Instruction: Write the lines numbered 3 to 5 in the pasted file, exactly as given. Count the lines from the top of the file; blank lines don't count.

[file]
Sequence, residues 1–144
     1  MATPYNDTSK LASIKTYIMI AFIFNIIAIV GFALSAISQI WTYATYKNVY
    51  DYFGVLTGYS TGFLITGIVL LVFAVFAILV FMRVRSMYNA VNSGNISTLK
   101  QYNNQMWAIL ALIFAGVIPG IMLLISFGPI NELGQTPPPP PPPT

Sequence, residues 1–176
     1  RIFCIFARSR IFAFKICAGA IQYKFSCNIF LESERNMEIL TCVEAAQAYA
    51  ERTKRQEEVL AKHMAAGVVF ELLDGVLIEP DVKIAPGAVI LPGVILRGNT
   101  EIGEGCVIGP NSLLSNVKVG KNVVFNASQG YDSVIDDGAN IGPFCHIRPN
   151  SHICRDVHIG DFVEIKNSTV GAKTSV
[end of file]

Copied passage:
    51  DYFGVLTGYS TGFLITGIVL LVFAVFAILV FMRVRSMYNA VNSGNISTLK
   101  QYNNQMWAIL ALIFAGVIPG IMLLISFGPI NELGQTPPPP PPPT

Sequence, residues 1–176